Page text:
Jonathan Edwards describes a universe in which God is angry, wrathful, without mercy or pity and inflicts pain and immeasurable suffering upon His creatures. It is absolutely mind boggling that our Study Guide would quote such a grossly distorted representation of God as a “source of truth” about Him.

The Bible teaches that the wages of sin is death and sin, if unremedied results in death (Romans 6:23, James 1:15). But Jonathan Edwards describes an existence in which God is the source of death, the cause of suffering, the inflictor of torment. Nothing could be further from the truth. Satan is the father of lies and his primary lies are about God. If we believe Satan’s lies about God then we distrust God, fear Him and remain separated from Him.

While Jennings is correct in taking to task the lesson study guide he is in error with his use of Ellen White. Ellen White’s quote is not about end time judgment it is in fact talking about the consequences of sin in this life not in the Judgment after life which is what Edwards is talking about. Ellen White is writing about the 10 commandments. In context the Selected Messages quote says:

The law of ten commandments is not to be looked upon as much from the prohibitory side, as from the mercy side. Its prohibitions are the sure guarantee of happiness in obedience. As received in Christ, it works in us the purity of character that will bring joy to us through eternal ages. To the obedient it is a wall of protection. We behold in it the goodness of God, who by revealing to men the immutable principles of righteousness, seeks to shield them from the evils that result from transgression. {1SM 235.1}

We are not to regard God as waiting to punish the sinner for his sin. The sinner brings the punishment upon himself. His own actions start a train of circumstances that bring the sure result. Every act of transgression reacts upon the sinner, works in him a change of character, and makes it more easy for him to transgress again. By choosing to sin, men separate themselves from God, cut themselves off from the channel of blessing, and the sure result is ruin and death. {1SM 235.2}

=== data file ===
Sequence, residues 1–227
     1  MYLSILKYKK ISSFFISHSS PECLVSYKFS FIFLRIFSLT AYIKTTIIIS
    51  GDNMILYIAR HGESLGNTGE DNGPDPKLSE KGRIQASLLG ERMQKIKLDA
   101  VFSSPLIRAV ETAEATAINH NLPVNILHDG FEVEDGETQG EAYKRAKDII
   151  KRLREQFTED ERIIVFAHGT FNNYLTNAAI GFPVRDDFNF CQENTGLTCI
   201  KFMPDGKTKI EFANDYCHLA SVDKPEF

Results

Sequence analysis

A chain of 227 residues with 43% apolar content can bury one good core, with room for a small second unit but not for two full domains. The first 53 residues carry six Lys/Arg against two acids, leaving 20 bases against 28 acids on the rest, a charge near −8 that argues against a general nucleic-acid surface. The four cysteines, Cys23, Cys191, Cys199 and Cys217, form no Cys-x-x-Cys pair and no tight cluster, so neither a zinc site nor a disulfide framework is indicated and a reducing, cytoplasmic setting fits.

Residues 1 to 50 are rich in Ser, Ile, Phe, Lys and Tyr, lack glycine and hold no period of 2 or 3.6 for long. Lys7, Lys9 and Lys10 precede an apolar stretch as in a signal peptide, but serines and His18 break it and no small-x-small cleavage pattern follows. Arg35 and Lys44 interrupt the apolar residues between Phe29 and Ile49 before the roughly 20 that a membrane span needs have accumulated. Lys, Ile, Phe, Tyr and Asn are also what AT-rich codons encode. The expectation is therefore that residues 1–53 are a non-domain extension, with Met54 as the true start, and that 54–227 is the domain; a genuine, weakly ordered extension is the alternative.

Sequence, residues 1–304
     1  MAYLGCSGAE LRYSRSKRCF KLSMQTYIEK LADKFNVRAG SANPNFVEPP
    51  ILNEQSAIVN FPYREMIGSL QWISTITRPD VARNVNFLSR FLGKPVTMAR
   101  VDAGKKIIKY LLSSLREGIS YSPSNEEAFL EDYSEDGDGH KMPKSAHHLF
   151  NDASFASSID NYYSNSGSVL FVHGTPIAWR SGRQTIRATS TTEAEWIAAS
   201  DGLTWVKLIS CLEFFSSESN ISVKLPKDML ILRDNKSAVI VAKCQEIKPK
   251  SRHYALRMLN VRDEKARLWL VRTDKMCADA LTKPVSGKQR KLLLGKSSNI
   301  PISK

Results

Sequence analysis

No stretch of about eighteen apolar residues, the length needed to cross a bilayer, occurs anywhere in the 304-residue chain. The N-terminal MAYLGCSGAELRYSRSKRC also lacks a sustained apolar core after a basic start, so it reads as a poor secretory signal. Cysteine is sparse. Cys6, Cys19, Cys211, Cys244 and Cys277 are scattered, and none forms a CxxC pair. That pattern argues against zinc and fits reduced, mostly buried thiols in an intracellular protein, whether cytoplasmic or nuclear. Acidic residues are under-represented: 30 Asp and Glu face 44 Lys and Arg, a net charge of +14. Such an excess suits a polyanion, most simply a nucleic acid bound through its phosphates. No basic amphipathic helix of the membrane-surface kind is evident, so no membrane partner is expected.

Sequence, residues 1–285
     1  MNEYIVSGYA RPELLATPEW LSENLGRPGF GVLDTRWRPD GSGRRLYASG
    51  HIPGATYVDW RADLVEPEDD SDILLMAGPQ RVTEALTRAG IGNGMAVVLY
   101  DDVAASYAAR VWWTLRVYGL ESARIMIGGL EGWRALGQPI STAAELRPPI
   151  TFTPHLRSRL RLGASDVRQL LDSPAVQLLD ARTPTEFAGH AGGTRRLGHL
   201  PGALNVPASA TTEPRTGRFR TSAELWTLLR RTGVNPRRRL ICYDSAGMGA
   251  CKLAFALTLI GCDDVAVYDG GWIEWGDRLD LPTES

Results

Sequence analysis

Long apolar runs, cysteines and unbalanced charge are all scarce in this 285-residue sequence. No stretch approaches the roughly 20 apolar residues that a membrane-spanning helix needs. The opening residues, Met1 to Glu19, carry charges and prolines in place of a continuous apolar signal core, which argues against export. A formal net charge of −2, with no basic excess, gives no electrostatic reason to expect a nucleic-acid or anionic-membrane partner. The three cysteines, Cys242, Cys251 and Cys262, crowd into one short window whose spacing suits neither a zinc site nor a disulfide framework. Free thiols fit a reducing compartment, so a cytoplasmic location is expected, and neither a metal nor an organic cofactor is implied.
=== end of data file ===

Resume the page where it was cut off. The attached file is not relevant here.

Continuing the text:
The law is an expression of God's idea. When we receive it in Christ, it becomes our idea. It lifts us above the power of natural desires and tendencies, above temptations that lead to sin. "Great peace have they which love thy law: and nothing shall offend them" (Ps. 119: 165)-- cause them to stumble. {1SM 235.3}

There is no peace in unrighteousness; the wicked are at war with God. But he who receives the righteousness of the law in Christ is in harmony with heaven. "Mercy and truth are met together; righteousness and peace have kissed each other" (Ps. 85: 10).--Letter 96, 1896. {1SM 235.4}

To properly compare Ellen White to Edwards on the subject of torment after judgment Jennings should have used statements which address that subject.

Then I saw thrones, and Jesus and the redeemed saints sat upon them; and the saints reigned as kings [ 291 ] and priests unto God. Christ, in union with His people, judged the wicked dead, comparing their acts with the statute book, the Word of God, and deciding every case according to the deeds done in the body. Then they meted out to the wicked the portion which they must suffer, according to their works; and it was written against their names in the book of death. Satan also and his angels were judged by Jesus and the saints. Satan's punishment was to be far greater than that of those whom he had deceived. His suffering would so far exceed theirs as to bear no comparison with it. After all those whom he had deceived had perished, Satan was still to live and suffer on much longer. {Early Writings 290.3}